"Anthony Horowitz, who was given official sanction by the Conan Doyle Estate to write a new Holmes novel, “The House of Silk” (2011), and whose “Moriarty” was published in December, said he thought that Sherlock Holmes was the father of all modern detective fiction.
“Every single detective story you read has the same structure: mystery, investigation, solution. And the tradition of the detective’s sidekick comes from there — Poirot has Hastings, Morse has Lewis,” he said, referring to the well-known characters in novels by Agatha Christie and Colin Dexter."
I can see readers of this blog scratching their heads and wondering: "Hey, what about Dupin?" While it would be too harsh and a bit simplistic to dismiss him as just a rip-off of the French detective, Holmes is certainly much indebted to Edgar Allan Poe's creation and most of the genre's features listed by Horowitz can be traced all the way back to The Murders in the Rue Morgue. And yet... Horowitz is right. While Poe and Dupin started it all, Doyle and Holmes certainly played a much more important role in shaping the genre as we know it.
While initially successful, the Dupin stories made little impact in the long term. It took two decades for the genre to catch on and when it finally did it was in a way that had little in common with the model that Poe deviced. The smart (but not genius) detective was there for sure, but the plots often lacked the mathematical quality aimed at by Poe, stepped as they were in the figures and clichés of popular fiction of the time. At best they were feuilletons with a detective element.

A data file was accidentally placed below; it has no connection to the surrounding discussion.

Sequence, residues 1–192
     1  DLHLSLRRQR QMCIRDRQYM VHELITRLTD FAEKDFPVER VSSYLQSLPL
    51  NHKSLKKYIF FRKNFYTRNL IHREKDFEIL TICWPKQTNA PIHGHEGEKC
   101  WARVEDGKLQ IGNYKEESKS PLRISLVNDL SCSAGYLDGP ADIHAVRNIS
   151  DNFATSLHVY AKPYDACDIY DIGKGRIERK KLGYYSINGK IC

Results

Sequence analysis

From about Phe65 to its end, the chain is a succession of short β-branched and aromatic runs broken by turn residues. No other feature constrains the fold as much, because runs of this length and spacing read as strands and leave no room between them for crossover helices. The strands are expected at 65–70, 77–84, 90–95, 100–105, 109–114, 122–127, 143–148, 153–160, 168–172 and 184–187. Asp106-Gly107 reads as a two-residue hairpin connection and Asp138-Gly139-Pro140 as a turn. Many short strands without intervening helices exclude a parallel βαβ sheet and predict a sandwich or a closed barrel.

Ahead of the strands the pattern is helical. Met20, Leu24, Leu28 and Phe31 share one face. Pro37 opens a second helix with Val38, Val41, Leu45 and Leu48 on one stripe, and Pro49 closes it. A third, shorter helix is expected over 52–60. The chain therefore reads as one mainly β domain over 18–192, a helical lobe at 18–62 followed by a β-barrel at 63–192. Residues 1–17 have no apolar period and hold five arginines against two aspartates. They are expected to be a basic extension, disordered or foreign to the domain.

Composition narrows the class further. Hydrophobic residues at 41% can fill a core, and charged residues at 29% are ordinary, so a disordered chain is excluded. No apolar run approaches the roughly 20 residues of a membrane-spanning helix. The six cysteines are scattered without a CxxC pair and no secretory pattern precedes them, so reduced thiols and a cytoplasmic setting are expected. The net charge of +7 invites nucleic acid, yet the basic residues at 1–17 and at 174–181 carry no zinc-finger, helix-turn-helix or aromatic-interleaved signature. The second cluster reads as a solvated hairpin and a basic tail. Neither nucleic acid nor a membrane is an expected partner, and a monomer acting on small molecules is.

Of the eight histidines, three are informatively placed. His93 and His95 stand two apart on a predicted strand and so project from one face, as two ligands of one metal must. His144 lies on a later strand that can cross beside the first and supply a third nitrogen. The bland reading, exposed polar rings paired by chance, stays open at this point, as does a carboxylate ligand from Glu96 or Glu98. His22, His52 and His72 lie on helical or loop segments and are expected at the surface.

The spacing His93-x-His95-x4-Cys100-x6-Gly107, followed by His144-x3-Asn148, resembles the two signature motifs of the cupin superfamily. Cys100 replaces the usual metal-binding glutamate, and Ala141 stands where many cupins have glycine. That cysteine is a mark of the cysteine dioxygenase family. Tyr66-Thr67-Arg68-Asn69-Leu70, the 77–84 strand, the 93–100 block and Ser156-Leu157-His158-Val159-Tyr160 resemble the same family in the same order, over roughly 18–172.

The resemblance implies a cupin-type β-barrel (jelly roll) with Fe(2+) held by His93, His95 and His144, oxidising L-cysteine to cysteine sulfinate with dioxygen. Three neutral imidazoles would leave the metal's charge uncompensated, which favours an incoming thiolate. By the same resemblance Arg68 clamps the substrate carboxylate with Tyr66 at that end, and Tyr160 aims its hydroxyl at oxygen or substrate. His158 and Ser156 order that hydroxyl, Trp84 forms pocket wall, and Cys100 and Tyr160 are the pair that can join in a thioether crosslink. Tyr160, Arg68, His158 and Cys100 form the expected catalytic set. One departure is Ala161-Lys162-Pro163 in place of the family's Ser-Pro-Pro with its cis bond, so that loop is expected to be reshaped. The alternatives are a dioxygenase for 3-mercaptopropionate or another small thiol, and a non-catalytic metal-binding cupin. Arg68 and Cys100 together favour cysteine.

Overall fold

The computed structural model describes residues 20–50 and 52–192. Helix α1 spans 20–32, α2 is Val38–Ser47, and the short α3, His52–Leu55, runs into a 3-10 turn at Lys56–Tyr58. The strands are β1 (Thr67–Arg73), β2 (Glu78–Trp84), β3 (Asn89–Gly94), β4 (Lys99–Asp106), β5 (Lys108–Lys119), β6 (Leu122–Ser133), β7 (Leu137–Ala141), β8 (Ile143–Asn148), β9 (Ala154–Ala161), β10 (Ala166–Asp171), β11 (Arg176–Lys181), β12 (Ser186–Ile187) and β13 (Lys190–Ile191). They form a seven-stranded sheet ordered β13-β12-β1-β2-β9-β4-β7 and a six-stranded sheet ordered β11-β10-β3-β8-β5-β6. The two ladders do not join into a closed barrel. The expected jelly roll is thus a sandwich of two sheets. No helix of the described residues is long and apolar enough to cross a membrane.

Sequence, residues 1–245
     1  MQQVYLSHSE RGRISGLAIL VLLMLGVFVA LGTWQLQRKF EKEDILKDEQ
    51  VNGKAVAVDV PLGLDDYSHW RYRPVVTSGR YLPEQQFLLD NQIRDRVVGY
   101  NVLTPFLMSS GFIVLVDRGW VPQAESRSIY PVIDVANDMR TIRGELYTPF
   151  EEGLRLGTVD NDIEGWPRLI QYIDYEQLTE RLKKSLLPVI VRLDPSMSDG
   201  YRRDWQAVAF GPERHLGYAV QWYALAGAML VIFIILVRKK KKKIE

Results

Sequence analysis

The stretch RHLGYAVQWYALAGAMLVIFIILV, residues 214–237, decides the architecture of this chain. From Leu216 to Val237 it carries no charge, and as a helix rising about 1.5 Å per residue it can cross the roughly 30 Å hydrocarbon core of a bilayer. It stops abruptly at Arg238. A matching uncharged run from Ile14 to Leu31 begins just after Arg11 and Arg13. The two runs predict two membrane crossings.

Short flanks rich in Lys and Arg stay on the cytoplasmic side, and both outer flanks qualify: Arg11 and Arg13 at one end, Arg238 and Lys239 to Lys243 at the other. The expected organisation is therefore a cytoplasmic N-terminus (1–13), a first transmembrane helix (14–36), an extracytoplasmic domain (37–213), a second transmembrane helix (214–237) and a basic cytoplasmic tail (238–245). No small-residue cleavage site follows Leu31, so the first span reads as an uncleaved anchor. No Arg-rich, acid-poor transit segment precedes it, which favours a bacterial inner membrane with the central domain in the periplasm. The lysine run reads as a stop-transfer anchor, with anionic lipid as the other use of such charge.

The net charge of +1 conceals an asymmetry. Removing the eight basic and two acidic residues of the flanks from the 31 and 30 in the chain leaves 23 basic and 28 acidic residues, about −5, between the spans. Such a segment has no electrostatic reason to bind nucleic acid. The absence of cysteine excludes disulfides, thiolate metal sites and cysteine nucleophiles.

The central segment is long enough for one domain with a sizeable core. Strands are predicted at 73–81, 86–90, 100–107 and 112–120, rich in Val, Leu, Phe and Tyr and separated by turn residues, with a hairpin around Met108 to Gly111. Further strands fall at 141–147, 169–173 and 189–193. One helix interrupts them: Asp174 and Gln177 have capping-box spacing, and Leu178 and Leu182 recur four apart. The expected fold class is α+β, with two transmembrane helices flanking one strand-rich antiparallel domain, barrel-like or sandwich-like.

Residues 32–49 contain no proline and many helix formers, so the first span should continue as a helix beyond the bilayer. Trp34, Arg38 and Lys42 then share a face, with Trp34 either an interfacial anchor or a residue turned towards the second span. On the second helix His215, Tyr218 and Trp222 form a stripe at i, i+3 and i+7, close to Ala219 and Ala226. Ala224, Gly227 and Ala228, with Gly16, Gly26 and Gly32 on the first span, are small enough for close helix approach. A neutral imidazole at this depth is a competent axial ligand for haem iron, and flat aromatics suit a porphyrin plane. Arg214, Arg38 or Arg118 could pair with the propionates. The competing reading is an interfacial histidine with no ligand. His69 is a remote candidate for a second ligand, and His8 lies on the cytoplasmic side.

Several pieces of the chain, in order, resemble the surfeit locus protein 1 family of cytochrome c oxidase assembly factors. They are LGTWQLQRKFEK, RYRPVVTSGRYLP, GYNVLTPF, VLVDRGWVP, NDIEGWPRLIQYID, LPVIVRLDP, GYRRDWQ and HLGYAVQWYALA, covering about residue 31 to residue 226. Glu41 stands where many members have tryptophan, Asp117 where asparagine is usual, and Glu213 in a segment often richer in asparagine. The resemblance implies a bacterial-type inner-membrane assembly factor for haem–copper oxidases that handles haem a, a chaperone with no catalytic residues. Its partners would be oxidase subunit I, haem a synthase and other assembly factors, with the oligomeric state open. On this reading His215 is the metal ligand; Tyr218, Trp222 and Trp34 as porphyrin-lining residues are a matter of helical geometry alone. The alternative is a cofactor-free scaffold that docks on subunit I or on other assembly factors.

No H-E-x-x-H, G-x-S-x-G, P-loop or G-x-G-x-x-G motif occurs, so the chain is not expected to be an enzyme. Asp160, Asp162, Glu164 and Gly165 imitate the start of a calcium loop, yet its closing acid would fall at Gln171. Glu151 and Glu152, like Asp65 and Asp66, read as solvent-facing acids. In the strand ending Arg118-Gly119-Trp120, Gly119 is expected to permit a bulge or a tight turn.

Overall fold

Then Doyle came and changed it all. Sherlock Holmes was every bit a genius as Dupin, but he was also a character, which its predecessor was not (Poe had very little interest in characterization) Same goes for Watson who was a vast improvement in terms of character and voice over Dupin's anonymous companion. The stories (the novels are another matter) adhered to the structure of Poe's Dupin stories - they even refined it, adding a dramatic progression and human interest that were absent from Poe's work. The result was a delayed but ultimately massive success but most of all it was influential: by the end of the century every serious mystery writer was channeling Doyle - and as Horowitz pointed out the model has survived to this day, despite uncountable and sometimes successful attempts to break free from it.